Effective Approaches in Psychotherapy for Men and Boys

Interestingly, men seek out psychotherapy considerably less frequently than women (Addis & Mahalik, 2003).  This discrepancy is often attributed to male attributes such as stubbornness and stoicism, rather than considering the characteristics of the treatment modalities themselves. Liddon & Barry (2021) discovered that incorporating a “strengths-based” approach in therapeutic interventions for men leads to better outcomes.

Liddon and Barry (2021) suggest that problem-solving and action-oriented approaches tend to resonate more with men. They argue that “people-oriented” jobs like therapy need to be tailored subtly when working with male clients.

Evidence-based approaches that may be effective in psychotherapy with men and boys include Positive Psychotherapy, which emphasizes human strengths instead of weaknesses; Rational Emotive Behavioral Therapy, rooted in stoic philosophy; and Solution-Focused Brief Therapy, which focuses on building solutions and problem-solving.

In their paper “Psychological interventions to help male adults” published by the British Psychological Society, Seegar and Barry (2022) present the following guidelines for treating men based on scientific principles and human-centered values:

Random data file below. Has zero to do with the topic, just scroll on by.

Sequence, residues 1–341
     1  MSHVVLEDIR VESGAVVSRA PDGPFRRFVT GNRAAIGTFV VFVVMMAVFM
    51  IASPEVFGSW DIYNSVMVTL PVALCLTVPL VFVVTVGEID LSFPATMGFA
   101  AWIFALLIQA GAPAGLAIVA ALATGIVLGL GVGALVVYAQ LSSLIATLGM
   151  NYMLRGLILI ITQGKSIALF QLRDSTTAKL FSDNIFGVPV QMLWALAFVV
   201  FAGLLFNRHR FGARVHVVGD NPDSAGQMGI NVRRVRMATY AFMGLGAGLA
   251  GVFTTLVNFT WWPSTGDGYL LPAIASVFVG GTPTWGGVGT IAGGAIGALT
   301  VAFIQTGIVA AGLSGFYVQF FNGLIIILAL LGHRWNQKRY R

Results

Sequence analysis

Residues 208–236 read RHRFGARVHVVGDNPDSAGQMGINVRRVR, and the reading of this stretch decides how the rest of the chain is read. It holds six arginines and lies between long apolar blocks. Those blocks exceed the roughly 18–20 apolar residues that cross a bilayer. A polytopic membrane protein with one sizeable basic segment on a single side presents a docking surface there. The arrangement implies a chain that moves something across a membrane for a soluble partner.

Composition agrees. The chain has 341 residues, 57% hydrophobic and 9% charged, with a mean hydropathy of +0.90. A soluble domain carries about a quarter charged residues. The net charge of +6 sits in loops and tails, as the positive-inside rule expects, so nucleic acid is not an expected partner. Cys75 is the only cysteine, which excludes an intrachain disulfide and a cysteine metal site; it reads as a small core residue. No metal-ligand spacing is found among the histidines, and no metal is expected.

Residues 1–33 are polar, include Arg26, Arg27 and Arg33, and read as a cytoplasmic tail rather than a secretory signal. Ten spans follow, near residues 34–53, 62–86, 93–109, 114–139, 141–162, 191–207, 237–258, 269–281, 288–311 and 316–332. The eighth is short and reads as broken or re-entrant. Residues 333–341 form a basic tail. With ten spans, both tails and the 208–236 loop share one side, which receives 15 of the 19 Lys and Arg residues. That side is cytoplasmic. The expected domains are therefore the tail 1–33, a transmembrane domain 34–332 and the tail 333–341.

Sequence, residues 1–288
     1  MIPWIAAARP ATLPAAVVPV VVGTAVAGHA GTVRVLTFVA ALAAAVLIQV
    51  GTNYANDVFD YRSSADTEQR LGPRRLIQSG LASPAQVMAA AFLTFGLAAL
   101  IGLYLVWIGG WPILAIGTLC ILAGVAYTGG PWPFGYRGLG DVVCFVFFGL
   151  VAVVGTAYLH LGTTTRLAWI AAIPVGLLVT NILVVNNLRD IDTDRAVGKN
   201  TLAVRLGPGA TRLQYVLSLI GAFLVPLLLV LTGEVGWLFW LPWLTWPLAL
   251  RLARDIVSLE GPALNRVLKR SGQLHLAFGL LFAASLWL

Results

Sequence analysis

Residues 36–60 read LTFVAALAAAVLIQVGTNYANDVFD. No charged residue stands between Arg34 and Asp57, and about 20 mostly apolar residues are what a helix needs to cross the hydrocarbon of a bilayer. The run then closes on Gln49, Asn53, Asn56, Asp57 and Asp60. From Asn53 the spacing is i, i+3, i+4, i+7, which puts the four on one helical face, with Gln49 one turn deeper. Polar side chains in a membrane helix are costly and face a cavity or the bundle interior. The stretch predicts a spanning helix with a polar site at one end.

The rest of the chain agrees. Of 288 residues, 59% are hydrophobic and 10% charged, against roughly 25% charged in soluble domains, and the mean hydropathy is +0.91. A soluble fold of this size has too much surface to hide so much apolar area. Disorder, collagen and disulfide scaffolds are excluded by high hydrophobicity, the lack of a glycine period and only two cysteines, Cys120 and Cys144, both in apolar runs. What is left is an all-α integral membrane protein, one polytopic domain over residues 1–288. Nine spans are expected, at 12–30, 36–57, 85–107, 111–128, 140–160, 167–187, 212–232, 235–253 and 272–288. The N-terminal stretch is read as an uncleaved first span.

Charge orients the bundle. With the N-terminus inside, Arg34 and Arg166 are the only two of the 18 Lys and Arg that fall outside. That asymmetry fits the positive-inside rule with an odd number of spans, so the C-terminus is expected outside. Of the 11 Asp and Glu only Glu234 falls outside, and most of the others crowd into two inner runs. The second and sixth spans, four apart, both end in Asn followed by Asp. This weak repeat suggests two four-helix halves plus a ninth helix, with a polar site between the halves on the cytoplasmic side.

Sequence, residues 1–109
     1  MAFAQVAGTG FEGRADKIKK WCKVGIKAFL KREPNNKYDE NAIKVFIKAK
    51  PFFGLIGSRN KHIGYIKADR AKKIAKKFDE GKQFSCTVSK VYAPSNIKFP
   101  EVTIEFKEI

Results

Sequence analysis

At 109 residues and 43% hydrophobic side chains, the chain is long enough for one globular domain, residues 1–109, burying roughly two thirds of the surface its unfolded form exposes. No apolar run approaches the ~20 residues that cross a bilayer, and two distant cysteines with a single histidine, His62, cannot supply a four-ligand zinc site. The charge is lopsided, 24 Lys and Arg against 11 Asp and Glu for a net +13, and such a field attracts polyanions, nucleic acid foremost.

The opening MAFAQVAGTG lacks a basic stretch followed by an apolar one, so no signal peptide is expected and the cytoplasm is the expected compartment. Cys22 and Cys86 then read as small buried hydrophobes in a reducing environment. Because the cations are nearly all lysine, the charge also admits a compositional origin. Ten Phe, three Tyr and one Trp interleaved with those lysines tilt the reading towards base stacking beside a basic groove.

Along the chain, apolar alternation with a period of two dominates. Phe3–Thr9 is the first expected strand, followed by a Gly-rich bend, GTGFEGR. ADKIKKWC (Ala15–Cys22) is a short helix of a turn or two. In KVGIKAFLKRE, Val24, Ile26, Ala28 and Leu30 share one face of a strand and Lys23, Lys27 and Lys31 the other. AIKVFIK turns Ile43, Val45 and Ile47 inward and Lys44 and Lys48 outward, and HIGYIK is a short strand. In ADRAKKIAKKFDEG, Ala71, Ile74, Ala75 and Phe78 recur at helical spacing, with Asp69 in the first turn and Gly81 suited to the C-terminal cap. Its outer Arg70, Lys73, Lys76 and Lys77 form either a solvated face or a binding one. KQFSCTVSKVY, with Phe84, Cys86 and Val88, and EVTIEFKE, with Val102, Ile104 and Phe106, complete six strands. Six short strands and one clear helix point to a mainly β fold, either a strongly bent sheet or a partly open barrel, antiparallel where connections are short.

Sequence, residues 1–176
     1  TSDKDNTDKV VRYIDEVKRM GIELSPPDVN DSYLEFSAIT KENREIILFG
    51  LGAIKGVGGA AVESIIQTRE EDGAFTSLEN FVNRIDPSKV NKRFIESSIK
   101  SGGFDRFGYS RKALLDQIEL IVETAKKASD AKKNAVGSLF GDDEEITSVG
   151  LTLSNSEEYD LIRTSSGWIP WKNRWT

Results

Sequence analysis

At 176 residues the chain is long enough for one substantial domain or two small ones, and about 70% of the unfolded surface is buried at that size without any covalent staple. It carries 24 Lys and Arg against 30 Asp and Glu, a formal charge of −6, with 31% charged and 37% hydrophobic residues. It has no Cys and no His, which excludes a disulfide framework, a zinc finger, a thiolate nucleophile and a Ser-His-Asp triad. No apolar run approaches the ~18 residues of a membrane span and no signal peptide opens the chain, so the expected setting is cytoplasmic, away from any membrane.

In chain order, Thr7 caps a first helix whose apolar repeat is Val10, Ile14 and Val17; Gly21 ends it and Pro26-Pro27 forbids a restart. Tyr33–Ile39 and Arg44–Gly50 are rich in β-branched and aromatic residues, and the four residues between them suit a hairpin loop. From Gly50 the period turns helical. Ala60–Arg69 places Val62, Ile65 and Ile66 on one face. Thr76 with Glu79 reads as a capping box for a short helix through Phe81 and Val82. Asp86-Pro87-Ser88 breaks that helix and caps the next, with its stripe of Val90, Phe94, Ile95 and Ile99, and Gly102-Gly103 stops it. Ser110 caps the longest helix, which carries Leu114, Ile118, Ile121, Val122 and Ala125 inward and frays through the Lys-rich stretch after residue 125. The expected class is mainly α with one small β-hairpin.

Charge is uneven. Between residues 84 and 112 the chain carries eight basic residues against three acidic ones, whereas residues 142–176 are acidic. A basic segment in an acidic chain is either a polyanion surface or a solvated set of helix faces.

• Talking therapies should not be the sole option. Action-oriented and community approaches should also be considered, including due consideration of culturally appropriate settings.
  • Gender responsiveness should be a crucial factor when formulating and selecting approaches to address the problems and needs of men and boys.
  • Group and community approaches that allow men to identify with others who share similar experiences can encourage  help-seeking behaviors.
  • Problem-solving and action-oriented approaches generally appeal more to men.
  • Coaching and mentoring approaches show promise as male-friendly interventions.
  • The scarcity of male therapists as mentors and role models for men and boys within the field of psychology and professional care is an important consideration in improving therapy uptake and outcomes. However, it’s worth noting that the quality of the therapeutic relationship, rather than gender alone, plays a significant role in achieving positive outcomes.